Comments on specific questions
Questions 1 – 6
In general, these questions discriminated well. Very few candidates succeeded in gaining all 6 marks and the majority achieved between 3 and 4. Question 6 was the most frequently correctly answered.
This question was usually well answered, and most candidates achieved at least one mark for it. There were in fact three possible points which could be made. These were: the dryness of the forest; the dead leaves of the ivy; and the breeze which started to blow.
Very few candidates managed to gain all four marks available for this question. Again, there were three points which could be made in response to (a) which were that the comparison to “scuttling mice” involved the rapidity with which the fire spread, the way in which it spread in all directions and the rustling sound of the flames. (Hardly any candidates made this final point.)
The requirement to explain the reference to “tentacles” caused greater problems. Mention of an octopus was usually enough to achieve one mark but to gain the full mark it was necessary for the candidate to refer to the idea that tentacles were long and waved about in all directions.
Candidates should be aware that the rubric of the Question Paper reminds them to answer as far as possible by using their own words. Those who produced answers such as “The fire spread like mice means that the fire spread like mice moving over the ground” did not score highly!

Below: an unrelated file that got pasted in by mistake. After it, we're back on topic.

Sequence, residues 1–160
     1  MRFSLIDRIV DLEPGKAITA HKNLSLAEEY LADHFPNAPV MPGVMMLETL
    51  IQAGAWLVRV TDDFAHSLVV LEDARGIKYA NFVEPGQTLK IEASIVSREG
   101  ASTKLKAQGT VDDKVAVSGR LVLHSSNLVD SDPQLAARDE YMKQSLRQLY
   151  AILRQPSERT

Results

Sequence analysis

This proved to be a good discriminator. The least successful answers either picked words such as “authority” directly from the passage or quoted a phrase instead of a word. Others tended to produce qualities such as “generosity” and “bravery” which were difficult to justify. More successful answers referred to Arvind as being “authoritative”, “stubborn”, “arrogant” and “irresponsible” all of which could be justified by reference to events in the passage. In many cases candidates produced the right reason and the wrong word or vice versa; such responses received some credit.
This question also discriminated well. Those candidates who did not read the wording carefully produced answers which lacked relevance. The question asked candidates to mention four points about the dangers of forest fires – not points about ways in which forest fires could be prevented. Consequently, they were expected to refer to the ways in which such fires could result in the deaths of human beings; the destruction of houses and villages; the destruction of trees and the deaths of creatures living in the forest, and the ecological consequences of such fires. It should also be mentioned that although the reference to the teacher was in the wording of the question in order to provide the candidates with a familiar context on which to base their comments, this was a question aimed at testing reading and they were, therefore, credited for the accuracy of the details gleaned from the passage which their answers contain.